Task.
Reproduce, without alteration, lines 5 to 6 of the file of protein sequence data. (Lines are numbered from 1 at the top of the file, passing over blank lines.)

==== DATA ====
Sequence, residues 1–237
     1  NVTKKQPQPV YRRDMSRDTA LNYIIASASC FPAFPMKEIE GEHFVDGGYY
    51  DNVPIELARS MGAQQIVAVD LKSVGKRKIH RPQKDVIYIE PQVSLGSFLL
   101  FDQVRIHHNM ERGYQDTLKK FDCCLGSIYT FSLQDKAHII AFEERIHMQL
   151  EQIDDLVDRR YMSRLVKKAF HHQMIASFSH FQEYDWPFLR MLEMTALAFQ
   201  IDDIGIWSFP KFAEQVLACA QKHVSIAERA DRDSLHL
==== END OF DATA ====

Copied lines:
   151  EQIDDLVDRR YMSRLVKKAF HHQMIASFSH FQEYDWPFLR MLEMTALAFQ
   201  IDDIGIWSFP KFAEQVLACA QKHVSIAERA DRDSLHL